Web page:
Nowhere in the world has inspired more praise, imitation and confusion than the wine-growing region of Bordeaux. To some it is sacrosanct, to others impenetrable, but all must acknowledge its fundamental importance.Read More
Bordeaux crafts the world's greatest wines from the planet's most famous estates, but with over 100,000 hectares under vine (more than many a winemaking nation) it also produces a vast amount of everyday wine at affordable prices. It is divided into the Left Bank, the Right Bank and the Entre-Deux-Mers and within these are such famous areas as the Médoc, St-Julien, Graves, St-Émilion and Sauternes. It is famous for its red wines, but its sweet whites are excellent and its dry whites of note. Bordeaux, quite simply, is a place like no other.
It is long, and of course complex, and the British play a significant part. When the future Henry II married Eleanor of Aquitaine in 1152 he knew he had made a good deal, but even he could not have foreseen the remarkable long-term benefits of the union. For she came with Bordeaux as a dowry and a trade was established that has very rarely lapsed. Wine flowed in to Britain, aided by tax breaks, and the region was established as a winemaking giant.
It was not until the 18th century, however, that the fine wines we know of today came into existence. Affluence brought this about: in the British aristocracy, the French winemakers and the several nationalities of merchant who set up in Bordeaux. Claret, as Bordeaux was known in England, became a status symbol and the demand for ever more quality was created and fulfilled. Much the same situation exists to this day.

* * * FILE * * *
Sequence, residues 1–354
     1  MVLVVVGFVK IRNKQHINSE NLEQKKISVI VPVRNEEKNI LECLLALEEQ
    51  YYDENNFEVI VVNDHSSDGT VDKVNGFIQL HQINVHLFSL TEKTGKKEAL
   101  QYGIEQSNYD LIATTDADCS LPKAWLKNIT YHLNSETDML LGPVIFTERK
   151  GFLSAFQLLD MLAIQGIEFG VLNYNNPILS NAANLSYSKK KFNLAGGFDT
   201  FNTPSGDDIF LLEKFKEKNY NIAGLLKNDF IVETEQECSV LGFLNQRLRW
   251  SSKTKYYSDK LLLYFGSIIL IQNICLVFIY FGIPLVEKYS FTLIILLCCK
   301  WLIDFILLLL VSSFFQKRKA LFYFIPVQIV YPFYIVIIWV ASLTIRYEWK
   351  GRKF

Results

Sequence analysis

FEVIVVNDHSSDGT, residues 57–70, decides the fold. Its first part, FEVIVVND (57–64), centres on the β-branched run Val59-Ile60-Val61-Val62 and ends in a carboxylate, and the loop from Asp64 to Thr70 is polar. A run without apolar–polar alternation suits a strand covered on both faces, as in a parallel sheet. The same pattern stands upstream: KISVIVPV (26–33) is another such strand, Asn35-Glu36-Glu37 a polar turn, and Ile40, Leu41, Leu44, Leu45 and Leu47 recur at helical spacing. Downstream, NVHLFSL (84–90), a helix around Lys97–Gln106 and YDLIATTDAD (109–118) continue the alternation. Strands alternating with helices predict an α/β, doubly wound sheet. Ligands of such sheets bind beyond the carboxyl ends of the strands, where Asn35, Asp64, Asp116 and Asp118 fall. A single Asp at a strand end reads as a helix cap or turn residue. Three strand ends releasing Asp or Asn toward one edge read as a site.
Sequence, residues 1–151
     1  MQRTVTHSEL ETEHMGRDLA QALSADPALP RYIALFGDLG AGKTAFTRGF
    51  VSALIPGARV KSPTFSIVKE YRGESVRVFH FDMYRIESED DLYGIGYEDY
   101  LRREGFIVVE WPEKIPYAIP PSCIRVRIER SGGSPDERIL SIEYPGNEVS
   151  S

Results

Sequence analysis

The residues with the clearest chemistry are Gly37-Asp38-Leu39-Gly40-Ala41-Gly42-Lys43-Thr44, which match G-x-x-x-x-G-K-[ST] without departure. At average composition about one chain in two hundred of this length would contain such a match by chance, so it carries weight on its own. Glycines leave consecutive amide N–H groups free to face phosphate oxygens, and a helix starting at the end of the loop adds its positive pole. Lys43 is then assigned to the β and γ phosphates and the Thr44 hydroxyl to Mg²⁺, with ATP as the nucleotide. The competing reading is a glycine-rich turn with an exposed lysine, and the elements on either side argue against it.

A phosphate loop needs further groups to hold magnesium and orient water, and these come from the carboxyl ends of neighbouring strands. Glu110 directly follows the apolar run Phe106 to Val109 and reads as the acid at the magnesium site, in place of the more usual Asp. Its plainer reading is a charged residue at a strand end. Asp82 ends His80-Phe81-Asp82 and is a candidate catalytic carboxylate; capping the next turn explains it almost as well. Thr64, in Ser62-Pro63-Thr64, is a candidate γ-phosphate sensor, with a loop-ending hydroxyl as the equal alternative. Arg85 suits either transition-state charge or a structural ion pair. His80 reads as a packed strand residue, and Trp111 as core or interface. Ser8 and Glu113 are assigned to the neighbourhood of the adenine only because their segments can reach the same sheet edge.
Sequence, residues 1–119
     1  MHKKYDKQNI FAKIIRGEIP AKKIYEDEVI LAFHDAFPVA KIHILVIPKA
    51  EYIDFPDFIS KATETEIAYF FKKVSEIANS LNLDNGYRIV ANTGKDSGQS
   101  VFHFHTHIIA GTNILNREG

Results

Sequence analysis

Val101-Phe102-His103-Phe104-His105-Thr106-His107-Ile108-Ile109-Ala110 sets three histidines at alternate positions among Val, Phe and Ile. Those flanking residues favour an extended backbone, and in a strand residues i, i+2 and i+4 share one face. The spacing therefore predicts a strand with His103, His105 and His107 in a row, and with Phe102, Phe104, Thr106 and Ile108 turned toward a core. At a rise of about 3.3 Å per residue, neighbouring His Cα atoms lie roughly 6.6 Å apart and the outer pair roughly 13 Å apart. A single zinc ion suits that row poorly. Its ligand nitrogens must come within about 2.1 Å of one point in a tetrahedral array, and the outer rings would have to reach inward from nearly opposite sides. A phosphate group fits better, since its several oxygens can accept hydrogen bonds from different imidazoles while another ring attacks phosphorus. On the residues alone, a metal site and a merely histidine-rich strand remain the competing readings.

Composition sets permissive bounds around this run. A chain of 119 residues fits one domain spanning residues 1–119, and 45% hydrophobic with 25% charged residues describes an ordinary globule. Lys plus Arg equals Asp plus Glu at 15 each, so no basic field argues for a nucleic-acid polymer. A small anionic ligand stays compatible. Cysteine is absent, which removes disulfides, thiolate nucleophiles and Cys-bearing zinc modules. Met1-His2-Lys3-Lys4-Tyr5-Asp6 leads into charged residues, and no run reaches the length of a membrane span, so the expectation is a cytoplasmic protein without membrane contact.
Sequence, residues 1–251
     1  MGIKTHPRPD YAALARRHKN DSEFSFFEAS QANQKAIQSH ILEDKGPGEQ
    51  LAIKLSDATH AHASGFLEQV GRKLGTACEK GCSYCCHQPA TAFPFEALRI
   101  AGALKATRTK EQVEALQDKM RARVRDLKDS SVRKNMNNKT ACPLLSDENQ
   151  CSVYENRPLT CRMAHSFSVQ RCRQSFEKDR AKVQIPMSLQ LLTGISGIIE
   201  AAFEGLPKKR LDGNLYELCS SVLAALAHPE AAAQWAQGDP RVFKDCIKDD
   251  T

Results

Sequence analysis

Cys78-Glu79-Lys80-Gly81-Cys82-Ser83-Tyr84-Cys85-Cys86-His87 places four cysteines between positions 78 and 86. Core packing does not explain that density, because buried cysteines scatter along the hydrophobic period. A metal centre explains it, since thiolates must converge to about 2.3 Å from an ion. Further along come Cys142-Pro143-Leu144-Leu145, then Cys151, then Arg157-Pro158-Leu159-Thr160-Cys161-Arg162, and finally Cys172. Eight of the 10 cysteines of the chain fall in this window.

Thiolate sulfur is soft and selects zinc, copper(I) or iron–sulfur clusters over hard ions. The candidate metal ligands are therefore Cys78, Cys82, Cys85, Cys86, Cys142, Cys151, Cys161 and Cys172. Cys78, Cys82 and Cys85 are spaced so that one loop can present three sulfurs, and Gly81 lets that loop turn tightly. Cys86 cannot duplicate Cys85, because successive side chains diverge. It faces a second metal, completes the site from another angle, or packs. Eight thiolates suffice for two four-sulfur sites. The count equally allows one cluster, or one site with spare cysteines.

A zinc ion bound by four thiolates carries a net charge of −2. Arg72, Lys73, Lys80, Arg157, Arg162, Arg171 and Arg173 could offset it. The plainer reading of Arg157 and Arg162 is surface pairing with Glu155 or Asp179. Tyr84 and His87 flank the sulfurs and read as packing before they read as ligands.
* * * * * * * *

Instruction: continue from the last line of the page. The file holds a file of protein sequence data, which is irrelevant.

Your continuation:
Bordeaux, both red and white, is a blend and therefore remarkably varied. Most of the wine, and almost all of the great, is red. As a rule it is softer and subtler than New World equivalents and has the structure to complement rather than clash with a wide range of foods. Yet in such a diverse region this is a gross generalisation. Pauillac and St-Julien, for example, may be adjoining but at the top of their game they are incredibly different and individual appellations have their very own character. The sweet whites of Sauternes and Barsac are amongst the finest dessert wines to be found in the world. Though the dry whites are comparatively undistinguished, they are eminently drinkable and occasionally capable of excellent ageing.
The Bordeaux Classification lays down the law. Cabernet Sauvignon, Merlot, Cabernet Franc and, to a lesser extent, Malbec and Petit Verdot are blended in the creation of reds and Sémillon, Sauvignon Blanc and Muscadelle (though predominantly the first two) are combined for the sweet and dry whites.
To put it simply, Bordeaux has a mild and stable climate of no extremes. Elsewhere in the world this might result, each and every year, in dull generic wines. Bordeaux does not work like that. The topsoil is basically poor, which is generally advantageous to vines, and beneath it is a mosaic of very different bedrock. This allows for great variation, though as yet science has been unable to pinpoint why even neighbouring properties can be so contrasting in quality and character. In a nutshell, terroir is all-important, and terroir is inexplicable, and that is just the way the French like it to be. The mystery is all part of the appeal.